There are two perennial truths that we continually see as IT pros: We want it all, and we want it now. Most recently, we all fell in love with virtualization because it allowed our datacenters to become more efficient, while also reducing our capital expenditures. We also enjoyed quicker service-delivery models (that’s a cloud term before cloud was even used in the industry!) and met our number-one goal: Keeping our stakeholders happy!
But not everyone necessarily changed how we did our backups with the onset of virtualization. Some of us changed and some of us have not. Yet.
There are a number of issues in play here as we try to improve this important part of our datacenter operation. Because we want it all and we want it now, deduplication is a top priority. This is a great topic here at Veeam, but it is also what ExaGrid is all about.
#1 sign that deduplication will make your VM Backups easier—The first indication that deduplication will make your VM backups easier is easier transfers. This means that transfers of any type (ExaGrid to ExaGrid share replication or Veeam file copy) are easier because they are made incredibly smaller by deduplication. While we love virtualization, it is likely that we have actually increased the number of server operating systems in our environment. Deduplication makes the portability of backups in all situations easier.
#2 sign that deduplication will make your VM Backups easier—Next, we’d be remiss regarding VM backups if we didn’t talk about the reduction of VM backup data sent during backups. As you know, there are many types of deduplication: inline, post-processing, source and others. One of the benefits of Veeam Backup & Replication combined with ExaGrid is that when we deduplicate VM data at the source (.VMDK or .VHD virtual disk file); we actually reduce our transfer burden. Sure, this is at the expense of CPU resources on the Veeam Proxy, but, although small, this is still a critical step to help reduce backup windows. Because we want it all and want it now, we also want to keep our backup windows small to minimize read duress on primary storage resources. Veeam leverages source-based deduplication by mapping out regions of the VM’s virtual disk file to apply deduplication before transfer and then it lands the data on the ExaGrid appliance. Together, these two techniques combine to bring the best of both worlds: reduced transfer burden and absolute maximum deduplication.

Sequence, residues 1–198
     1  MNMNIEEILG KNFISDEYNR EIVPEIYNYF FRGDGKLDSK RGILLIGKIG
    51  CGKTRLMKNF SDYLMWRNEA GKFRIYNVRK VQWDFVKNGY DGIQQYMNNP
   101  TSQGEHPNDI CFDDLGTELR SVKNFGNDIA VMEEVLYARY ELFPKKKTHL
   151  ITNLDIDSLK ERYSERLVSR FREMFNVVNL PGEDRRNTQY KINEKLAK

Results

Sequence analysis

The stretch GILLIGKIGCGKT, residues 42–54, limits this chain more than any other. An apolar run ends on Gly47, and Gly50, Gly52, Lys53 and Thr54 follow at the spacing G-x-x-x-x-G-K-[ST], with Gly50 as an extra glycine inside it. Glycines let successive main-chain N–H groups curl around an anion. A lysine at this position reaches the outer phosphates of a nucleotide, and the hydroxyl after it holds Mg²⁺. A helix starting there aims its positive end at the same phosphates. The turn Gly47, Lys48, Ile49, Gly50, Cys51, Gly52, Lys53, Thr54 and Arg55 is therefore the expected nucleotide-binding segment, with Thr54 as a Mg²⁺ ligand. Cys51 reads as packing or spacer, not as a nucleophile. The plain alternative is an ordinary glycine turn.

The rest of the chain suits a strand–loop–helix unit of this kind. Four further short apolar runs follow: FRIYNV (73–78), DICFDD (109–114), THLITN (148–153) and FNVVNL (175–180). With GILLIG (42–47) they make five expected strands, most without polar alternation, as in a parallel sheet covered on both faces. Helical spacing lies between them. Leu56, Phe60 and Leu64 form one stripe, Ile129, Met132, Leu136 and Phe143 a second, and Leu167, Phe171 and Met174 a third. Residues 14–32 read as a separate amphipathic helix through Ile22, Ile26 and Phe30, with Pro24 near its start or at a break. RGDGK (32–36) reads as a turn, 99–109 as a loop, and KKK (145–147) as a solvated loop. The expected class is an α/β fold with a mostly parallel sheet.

#3 sign that deduplication will make your VM Backups easier—The third indication that we need deduplication for our VM backups is our ability to increase our retention policies without doubling, tripling or even quadrupling our storage requirements. The real benefit of deduplication comes with deeper retention policies and additional full backups in the same deduplication realm (an ExaGrid share).
#4 sign that deduplication will make your VM Backups easier—Next, we all know that virtualization has made our lives easier in terms of deployment; the same goes for backups. VM templates lend themselves perfectly to deduplication. Further, when virtualization is done well, templates are also leveraged extensively. Chances are that all new VMs are deployed from templates. When this is the case, the deduplication potential for this data profile goes up A LOT. The figure below shows how this can come into play with a sample data profile of VMs from the same template being backed up and deduplicated:
#5 sign that deduplication will make your VM Backups easier—The fifth and final indication that deduplication will make VM backups easier is the ability to accommodate growth. Simply put, as the VM numbers grow, the opportunity for deduplication increases. No longer is there a linear relationship to backup-target requirements and number of VMs. While there are many factors involved here, one thing is for sure: when more VMs are backed up, more duplication potential exists. This can be the additional deduplication on an ExaGrid share or more VMs in a Veeam backup job.
Deduplication and virtualization both are classic examples of technologies where “Your mileage may vary.” With the right expectations and homework up-front; the reward can be great. What strategies have compelled you to leverage deduplication for your VM backups? How is your VM backup strategy different than your physical system backup strategy?
What have you learned in your journey? Share your comments below.